I just yesterday learned that my Xeons are in fact 64bit, so I have
few questions about it...

1) What is the performance gain between running 32bit and 64bit linux
on 64bit capable CPU? I'm running Etch with apache+php+mysql. Is it
worth upgrading?


Probably none. What you gain mostly from an ISPs perspective is much
bigger memory support. For database servers this can be extremely
important. In 32bit you can have more than 4GB of memory (through PAE) but
each process can only have 2GB or 3GB. Also PAE is slower than directly
accessing additional memory because you are Paging memory in and out of a
window.



2) Performance is gained just by compiling the same source code into
64bit binary? Or are the main apps (apache/php/mysql) optimized in
source code to benefit explicitly from 64bit?


No, and in general, no.



2) Is it possible to run 64bit kernel, but 32bit
application/libraries/everything? (So just recompiling kernel). If
possible, is it better than 32bit kernel + 32bit apps?


Yes, amd64 variant of debian has 32bit libs so you can run 32bit based apps.


3) Is it somehow possible to upgrade the 32bit debian into 64bit?
Preferably with as little downtime as possible...


I don't know. Maybe? It's technically not an upgrade at all, but an
architecture change. Someone else on the list might know, but it's nothing
I've ever tried.




many thanks

--
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Old 05-06-2008, 11:26 PM
Craig Sanders
 
Default 32bit or 64bit?

On Tue, May 06, 2008 at 04:55:34PM +0200, Marek Podmaka wrote:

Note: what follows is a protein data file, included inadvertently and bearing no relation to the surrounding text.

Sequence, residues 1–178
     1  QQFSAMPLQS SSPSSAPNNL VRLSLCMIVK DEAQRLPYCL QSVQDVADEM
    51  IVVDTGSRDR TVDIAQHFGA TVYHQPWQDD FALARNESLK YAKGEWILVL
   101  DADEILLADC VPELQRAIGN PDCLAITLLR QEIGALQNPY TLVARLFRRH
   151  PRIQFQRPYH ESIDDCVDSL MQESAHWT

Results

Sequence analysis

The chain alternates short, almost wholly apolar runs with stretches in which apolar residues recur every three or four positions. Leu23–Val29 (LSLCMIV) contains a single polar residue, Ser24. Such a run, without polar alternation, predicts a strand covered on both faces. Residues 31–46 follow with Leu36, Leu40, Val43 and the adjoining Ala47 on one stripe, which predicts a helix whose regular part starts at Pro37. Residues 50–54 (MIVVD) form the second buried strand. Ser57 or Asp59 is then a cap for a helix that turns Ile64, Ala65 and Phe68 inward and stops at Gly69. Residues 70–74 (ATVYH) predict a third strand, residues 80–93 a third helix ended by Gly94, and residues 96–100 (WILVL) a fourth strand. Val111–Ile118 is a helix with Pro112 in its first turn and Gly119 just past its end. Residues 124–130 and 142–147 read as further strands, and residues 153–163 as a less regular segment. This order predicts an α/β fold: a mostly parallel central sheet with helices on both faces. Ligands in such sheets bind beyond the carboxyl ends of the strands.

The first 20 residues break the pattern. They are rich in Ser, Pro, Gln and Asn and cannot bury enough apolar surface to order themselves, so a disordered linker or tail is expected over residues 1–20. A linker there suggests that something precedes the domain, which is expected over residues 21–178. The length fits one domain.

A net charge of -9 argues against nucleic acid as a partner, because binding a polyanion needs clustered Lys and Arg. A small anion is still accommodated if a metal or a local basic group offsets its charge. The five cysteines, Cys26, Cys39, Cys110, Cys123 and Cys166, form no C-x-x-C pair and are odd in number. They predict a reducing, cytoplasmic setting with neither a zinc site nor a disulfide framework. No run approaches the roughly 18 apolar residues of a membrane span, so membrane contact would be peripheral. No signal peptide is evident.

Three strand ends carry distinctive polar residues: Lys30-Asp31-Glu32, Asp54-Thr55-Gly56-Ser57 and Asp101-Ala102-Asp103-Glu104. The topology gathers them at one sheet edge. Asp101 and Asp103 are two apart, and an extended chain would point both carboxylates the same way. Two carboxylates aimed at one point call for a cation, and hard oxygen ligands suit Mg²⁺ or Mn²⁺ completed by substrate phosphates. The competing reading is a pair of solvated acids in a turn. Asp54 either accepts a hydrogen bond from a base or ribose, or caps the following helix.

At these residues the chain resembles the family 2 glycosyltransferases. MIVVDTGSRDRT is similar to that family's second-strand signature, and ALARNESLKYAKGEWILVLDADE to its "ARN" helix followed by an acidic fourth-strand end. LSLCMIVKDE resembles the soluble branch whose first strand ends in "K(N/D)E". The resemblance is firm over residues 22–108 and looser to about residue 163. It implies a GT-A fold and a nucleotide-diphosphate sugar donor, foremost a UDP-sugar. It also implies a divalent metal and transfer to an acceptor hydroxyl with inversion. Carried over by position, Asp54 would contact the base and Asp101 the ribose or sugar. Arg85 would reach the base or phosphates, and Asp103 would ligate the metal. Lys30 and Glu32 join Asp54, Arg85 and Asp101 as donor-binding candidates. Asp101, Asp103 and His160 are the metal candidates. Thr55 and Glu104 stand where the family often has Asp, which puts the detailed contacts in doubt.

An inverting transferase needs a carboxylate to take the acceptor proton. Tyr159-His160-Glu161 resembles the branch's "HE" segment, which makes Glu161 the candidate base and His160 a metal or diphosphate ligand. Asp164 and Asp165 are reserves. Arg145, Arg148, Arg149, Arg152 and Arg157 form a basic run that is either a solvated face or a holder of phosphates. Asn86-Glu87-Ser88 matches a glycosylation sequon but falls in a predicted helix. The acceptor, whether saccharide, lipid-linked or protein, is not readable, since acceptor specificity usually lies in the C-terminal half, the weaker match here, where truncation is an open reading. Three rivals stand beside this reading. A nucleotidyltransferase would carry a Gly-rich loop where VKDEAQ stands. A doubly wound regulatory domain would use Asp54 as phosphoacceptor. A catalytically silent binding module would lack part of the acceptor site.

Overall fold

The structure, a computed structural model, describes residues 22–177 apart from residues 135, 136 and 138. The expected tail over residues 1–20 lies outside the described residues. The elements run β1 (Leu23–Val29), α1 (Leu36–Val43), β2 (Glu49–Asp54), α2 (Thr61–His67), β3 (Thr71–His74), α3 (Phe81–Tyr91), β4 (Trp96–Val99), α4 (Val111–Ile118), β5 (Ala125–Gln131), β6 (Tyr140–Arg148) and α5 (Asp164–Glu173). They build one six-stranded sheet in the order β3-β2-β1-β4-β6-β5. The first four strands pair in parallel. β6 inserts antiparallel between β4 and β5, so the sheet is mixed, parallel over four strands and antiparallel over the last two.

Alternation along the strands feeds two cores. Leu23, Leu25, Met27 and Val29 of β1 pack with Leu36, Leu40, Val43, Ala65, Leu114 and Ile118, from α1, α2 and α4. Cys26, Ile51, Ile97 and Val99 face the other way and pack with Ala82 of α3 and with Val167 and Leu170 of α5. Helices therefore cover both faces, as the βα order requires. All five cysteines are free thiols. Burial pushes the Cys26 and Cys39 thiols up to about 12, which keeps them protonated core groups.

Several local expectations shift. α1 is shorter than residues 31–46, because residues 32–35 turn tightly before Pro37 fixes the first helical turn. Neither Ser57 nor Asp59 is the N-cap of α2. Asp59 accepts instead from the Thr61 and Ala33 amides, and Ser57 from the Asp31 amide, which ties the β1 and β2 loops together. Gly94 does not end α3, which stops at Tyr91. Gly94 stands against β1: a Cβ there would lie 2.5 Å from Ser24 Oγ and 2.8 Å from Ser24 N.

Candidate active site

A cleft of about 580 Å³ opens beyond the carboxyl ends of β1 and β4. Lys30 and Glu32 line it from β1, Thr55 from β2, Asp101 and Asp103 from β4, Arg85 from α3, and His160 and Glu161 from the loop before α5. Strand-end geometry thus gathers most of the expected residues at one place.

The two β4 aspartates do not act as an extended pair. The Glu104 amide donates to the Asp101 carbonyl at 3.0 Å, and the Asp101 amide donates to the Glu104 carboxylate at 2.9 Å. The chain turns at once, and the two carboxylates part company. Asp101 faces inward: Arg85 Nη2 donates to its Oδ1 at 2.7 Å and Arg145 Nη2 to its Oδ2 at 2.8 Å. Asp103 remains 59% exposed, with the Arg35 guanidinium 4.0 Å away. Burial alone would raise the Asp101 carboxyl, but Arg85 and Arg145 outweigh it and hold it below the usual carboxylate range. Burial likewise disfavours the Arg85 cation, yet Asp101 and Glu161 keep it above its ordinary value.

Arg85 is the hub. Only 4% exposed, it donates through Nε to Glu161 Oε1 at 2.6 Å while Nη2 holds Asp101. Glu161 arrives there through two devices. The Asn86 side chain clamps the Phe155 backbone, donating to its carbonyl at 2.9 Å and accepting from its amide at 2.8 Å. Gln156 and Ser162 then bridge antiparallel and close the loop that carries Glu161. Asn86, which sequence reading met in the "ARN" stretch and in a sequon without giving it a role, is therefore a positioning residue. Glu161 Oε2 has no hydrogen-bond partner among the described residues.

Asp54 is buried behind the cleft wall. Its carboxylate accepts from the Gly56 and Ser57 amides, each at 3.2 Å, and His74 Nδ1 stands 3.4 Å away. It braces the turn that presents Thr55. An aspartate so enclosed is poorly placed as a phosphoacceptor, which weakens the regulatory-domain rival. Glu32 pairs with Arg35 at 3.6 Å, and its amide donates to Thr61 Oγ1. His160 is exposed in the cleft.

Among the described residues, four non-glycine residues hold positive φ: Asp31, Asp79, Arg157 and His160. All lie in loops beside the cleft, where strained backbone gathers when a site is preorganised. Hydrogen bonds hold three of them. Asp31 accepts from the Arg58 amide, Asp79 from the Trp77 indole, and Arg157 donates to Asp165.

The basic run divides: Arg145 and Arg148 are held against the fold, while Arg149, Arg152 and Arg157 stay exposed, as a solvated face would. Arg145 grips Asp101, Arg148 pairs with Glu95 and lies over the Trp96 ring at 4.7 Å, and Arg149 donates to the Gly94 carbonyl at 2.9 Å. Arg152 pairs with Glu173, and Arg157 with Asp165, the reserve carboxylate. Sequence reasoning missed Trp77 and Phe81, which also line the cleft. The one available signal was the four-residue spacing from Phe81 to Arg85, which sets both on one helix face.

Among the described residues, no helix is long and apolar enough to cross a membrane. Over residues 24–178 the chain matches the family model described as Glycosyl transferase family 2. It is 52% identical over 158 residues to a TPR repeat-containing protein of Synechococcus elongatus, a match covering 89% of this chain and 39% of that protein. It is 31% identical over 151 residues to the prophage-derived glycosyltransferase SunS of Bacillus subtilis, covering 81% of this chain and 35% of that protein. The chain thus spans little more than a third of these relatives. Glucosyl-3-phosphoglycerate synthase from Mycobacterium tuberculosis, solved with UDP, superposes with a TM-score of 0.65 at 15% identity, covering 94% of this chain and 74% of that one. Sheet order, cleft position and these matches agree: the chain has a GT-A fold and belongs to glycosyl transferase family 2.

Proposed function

> Hello all,
>
> I just yesterday learned that my Xeons are in fact 64bit, so I have
> few questions about it...
>
> 1) What is the performance gain between running 32bit and 64bit linux
> on 64bit capable CPU? I'm running Etch with apache+php+mysql. Is it
> worth upgrading?

for most programs, not much. if any.

the main advantage is that each process can have direct access to ALL of
the memory in your system...whereas on a 32-bit kernel (even with PAE),
each process can access no more than (IIRC) 3GB.

the "cost" is that 64-bit apps use more memory than 32-bit apps. but see
my answer to your second point 2 :-) below, you can run 32-bit apps on a
64-bit kernel. you can even run a mix of 32 and 64 bit apps on a 64-bit
kernel. OTOH, i've been running 64 bit for over a year now and haven't
noticed or cared about any addition memory usage....but all my machines
have a minimum of 2GB if not 4GB or 8GB RAM. memory is very cheap. it's
easier and less hassle to just install more RAM than to care about it,
and more RAM is *always* better.


seriously memory-hungry apps (databases, huge number-crunching
computations, video editing, and others) will benefit. others, probably
not.

mysql would probably benefit if your db is large.

a multi-threaded apache may benefit. pre-forking probably not. if you're
running PHP, you're probably not running multi-threaded (anyone know if
php5 still buggy with MT? i've lost track).


ultimately, 32-bit will die....but i don't see that happening for many
years, probably decades. some current, production CPUs are still 32-bit
now, and even when it's no longer in use for general purpose computers,
32-bit CPUs will continue to be common in embedded devices.


> 2) Performance is gained just by compiling the same source code into
> 64bit binary? Or are the main apps (apache/php/mysql) optimized in